Synagogue Congregants Oppose Designation

Congregation Tifereth Israel Town and Village Synagogue located at 334 East 14th Street in Manhattan. Image Credit: LPC.

Congregation Tifereth Israel Town and Village Synagogue located at 334 East 14th Street in Manhattan. Image Credit: LPC.

Before serving as a synagogue, 1869 building was home to German Baptist congregation and a Ukrainian Orthodox church. On March 25, 2014, the Landmarks Preservation Commission held a hearing on the proposed individual landmark designation of the Congregation Tifereth Israel Town and Village Synagogue located at 334 East 14th Street in Manhattan. The structure was completed in 1869 to designs by the German-born architect Julius Boekell. The Runbogenstil style structure was originally built as the First German Baptist Church to serve German immigrants who populated the Lower East Side. In 1926, the building was sold, and converted to the Ukrainian Autocephalic Orthodox Church of St. Voldomyr. The new congregation replaced the crosses on top of the church’s spires with onion domes, which remain today. In 1962, the building was sold to the Town and Village Synagogue by Congregation Tifereth Israel, which currently retains ownership. The church remains substantially intact, but it has undergone some alterations. In addition to the replacement of the crosses, the doors have been replaced and one of the original stained-glass windows has been lost.

Synagogue President Marianna Mott Newirth spoke in opposition to designation. Mott Newirth testified that the congregation was of modest means, but has dreams of improving and enlarging the space so more people could “gather, worship and celebrate together.” Mott Newirth also stated that the congregation has plans to build a preschool and community facility space. Mott Newirth said landmarking would increase the time and expense of renovations and maintenance, money which she said should be used to serve the community. Synagogue member Cynthia Weber also opposed designation, but said that if landmarking went forward, a three-story structure in the back of the building should be excluded. She said the property did not have the space for a large development, nor would one be allowed as of right under its zoning. Executive Director Esther Schwab contested the building’s architectural significance, and said the building’s structural integrity had been compromised by water damage and vibrations from the nearby subway. Stroock & Stroock & Lavan attorney Ross Moskowitz, advisor to the synagogue, asked that Landmarks “hear and respect the true stakeholders of this property.”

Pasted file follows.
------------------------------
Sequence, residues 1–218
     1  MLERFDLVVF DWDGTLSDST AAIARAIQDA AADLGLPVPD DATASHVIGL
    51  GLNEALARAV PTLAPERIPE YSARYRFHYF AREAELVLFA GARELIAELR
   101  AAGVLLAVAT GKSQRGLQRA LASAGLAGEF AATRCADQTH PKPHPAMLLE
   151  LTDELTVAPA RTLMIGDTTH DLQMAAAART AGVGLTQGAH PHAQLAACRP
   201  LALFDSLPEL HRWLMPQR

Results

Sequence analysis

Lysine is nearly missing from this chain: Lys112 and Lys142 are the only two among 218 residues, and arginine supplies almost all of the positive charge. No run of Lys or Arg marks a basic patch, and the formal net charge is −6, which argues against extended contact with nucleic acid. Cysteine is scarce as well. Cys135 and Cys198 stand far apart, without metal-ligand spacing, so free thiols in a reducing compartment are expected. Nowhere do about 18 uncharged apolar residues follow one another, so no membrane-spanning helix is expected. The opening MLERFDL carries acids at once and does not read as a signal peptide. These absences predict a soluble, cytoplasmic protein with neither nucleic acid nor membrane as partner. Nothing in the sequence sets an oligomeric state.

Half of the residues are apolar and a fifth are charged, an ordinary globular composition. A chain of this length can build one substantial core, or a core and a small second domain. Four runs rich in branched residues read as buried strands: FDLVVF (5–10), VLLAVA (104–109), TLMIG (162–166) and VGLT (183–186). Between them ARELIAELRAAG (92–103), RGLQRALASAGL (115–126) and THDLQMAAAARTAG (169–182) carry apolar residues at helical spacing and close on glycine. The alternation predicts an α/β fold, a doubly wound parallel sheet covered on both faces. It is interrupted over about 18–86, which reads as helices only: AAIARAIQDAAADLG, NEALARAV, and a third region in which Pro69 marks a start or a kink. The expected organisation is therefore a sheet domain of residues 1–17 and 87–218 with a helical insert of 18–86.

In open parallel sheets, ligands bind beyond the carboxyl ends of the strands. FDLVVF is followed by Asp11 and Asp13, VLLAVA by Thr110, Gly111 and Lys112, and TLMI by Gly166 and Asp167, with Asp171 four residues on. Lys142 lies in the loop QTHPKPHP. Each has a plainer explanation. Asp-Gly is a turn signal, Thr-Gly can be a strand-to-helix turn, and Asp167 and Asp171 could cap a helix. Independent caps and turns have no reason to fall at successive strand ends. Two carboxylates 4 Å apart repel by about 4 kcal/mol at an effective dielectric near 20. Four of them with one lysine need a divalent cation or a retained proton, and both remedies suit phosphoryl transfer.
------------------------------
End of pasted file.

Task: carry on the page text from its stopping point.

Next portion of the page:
Several other people testified in support of designation. Amanda Davis of the Greenwich Village Society for Historic Preservation called the building “architecturally and culturally unique.” The New York Landmarks Conservancy’s Andrea Goldwyn testified that the “architecturally lively and significant” building had been calendared for potential designation in 1966, but had “languished in preservation limbo” ever since. Marcia Ikonomopoulos of the Kehila Kedosha Janina Synagogue and Museum on the Lower East Side testified that landmark designation had proved beneficial for her congregation, bringing in grants and bequests. She also called the Town and Village synagogue “a magnificent building.” Neighborhood resident Kirsten Theodos called the building a “physical representation of the cultural diversity of New York City.”

Landmarks Chair Robert B. Tierney read into the record a joint letter from Council Member Rosie Mendez and State Senator Brad Hoylman, who support the designation, but urge the exclusion of the rear structure from the landmark site.

Tierney closed the hearing for the day, but left the record open for 30 days to allow the submission of additional testimony.

LPC: Congregation Tifereth Israel Town and Village Synagogue, 334 East 14th Street, Manhattan (LP-2457) (March 25, 2014).

By: Jesse Denno (Jesse is a full-time staff writer at the Center for NYC Law).

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